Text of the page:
The presence of mudballs is an indication of problems in your filter bed. A mudball is the result of solids accumulating in a filter, then combine with filter media to form into a ball of solids. These mudballs block the passage of water, creating higher velocity filtration and uneven distribution. Mudballs impact filter performance and effluent quality while also shortening filter run lengths.
If media is inadequately backwashed, thin layers of solids will coat and build up around individual media grains. During operation, an increase in pressure drop across the media bed compresses the particles, causing them to stick together. Polymer and other sticky agents will accelerate growth. As mudballs grow, they sink down into the media bed, eventually stopping at the support gravel.
Large mudball build-up
Mudballs can also form in filter dead zones, defined as any area that is not covered during conventional backwash. When mudballs achieve critical mass and hydro-dynamic shape, they are unable to be backwashed out of a filter.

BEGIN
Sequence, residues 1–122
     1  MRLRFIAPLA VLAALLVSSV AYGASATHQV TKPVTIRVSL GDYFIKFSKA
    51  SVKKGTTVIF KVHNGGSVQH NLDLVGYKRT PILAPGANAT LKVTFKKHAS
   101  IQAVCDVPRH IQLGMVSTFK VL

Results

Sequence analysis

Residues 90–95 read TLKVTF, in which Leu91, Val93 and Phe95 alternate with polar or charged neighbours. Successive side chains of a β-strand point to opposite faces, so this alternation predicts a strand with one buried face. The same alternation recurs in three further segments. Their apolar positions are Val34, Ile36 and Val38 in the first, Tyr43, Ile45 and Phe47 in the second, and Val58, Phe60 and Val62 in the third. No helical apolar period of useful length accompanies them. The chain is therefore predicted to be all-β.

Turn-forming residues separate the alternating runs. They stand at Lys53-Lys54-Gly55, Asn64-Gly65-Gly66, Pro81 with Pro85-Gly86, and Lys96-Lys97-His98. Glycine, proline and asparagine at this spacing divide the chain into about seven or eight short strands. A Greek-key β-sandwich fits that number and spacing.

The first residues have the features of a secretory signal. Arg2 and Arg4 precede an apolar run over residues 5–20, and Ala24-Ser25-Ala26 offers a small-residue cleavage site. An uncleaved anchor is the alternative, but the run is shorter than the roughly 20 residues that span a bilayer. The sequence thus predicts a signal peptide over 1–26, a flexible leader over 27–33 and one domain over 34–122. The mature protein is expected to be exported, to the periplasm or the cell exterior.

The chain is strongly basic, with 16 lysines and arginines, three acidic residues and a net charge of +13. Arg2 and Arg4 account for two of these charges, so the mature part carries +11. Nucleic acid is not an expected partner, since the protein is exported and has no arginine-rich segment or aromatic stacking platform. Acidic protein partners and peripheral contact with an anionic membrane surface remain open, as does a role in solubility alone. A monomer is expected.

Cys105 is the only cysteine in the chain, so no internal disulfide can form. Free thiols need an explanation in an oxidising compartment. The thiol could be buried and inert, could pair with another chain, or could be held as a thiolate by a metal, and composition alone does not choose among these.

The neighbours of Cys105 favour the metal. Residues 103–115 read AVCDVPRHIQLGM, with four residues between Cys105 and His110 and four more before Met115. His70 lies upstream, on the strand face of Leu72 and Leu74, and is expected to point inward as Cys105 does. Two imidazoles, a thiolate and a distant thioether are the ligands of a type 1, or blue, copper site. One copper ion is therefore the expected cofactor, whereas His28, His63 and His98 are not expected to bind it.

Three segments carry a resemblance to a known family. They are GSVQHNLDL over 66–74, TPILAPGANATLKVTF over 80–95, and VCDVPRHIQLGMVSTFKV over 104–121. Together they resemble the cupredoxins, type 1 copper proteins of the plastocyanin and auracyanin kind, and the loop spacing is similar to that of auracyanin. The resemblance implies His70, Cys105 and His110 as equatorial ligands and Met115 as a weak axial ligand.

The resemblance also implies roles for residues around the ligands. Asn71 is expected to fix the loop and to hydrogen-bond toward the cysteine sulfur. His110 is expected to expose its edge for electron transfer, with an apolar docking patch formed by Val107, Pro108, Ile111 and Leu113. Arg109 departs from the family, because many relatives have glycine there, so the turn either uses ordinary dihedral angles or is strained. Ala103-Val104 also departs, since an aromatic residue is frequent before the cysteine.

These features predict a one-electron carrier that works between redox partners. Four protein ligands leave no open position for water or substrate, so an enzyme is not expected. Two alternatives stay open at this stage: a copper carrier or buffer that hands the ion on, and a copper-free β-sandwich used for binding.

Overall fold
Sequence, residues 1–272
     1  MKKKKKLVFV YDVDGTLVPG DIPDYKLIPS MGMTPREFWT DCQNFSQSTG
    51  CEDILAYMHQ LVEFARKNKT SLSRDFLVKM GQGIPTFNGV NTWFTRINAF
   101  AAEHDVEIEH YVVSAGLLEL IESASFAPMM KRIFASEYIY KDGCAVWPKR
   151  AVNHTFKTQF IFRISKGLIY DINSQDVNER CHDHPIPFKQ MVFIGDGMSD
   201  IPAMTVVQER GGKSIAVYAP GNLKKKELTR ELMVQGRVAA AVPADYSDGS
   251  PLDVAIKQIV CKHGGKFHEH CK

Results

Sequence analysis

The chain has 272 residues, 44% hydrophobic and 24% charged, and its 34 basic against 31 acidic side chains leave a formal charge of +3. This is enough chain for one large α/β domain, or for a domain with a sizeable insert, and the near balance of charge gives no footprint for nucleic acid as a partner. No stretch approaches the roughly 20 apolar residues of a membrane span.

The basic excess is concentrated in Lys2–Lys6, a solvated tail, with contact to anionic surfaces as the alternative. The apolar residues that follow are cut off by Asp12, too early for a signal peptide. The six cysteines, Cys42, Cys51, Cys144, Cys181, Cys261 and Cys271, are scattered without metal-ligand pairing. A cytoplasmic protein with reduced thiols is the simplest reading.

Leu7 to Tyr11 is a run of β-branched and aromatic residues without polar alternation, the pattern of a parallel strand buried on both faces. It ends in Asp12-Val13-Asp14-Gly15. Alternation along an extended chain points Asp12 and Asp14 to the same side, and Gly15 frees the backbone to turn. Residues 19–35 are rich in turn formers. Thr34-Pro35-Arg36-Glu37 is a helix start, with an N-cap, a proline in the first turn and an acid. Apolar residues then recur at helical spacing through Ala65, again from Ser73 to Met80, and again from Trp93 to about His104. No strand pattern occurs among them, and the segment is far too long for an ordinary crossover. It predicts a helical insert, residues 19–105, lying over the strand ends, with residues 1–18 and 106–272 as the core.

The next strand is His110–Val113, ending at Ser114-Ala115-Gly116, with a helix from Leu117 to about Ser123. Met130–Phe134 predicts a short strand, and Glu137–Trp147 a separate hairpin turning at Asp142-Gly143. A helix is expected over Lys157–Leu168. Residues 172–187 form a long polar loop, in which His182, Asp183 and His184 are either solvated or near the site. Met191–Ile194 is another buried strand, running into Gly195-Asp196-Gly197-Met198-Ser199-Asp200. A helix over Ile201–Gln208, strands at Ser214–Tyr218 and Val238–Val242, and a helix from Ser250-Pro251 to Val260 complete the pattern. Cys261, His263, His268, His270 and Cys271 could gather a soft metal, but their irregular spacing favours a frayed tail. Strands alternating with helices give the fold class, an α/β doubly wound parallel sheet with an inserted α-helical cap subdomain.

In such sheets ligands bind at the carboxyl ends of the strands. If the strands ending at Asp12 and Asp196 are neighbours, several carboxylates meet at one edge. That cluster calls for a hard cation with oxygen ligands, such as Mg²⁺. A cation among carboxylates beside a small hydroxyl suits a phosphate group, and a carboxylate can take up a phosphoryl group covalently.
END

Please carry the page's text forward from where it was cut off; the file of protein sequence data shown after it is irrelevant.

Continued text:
A simultaneous air and water backwash is recommended in media filters to prevent the formation of mudballs. By simultaneously applying air and water at a sub-fluidized rate, an aggressive scouring action occurs known as collapse pulse. This powerful backwash method creates the momentary formation of air pockets where media collapses, causing a pulsation within the bed that aggressively scours and cleans the media. During a sustained air and water wash, a dual media bed will completely intermix into one homogeneous depth of media. This provides the most effective media cleansing, ensuring that the entire filter bed is washed, eliminating all dead zones and preventing the formation of mudballs.
U.S. Water offers a simultaneous air and water backwash process known as Simul-Wash™. Need assistance with existing mudballs or have additional questions? Learn more about our Simul-Wash™ system by contacting us today.
U.S. Water’s Performance Index series is designed to share operations and maintenance best practices with plant personnel. The more our customers know about how to maintain and protect their systems, the more they can safeguard against system failures or efficiency issues.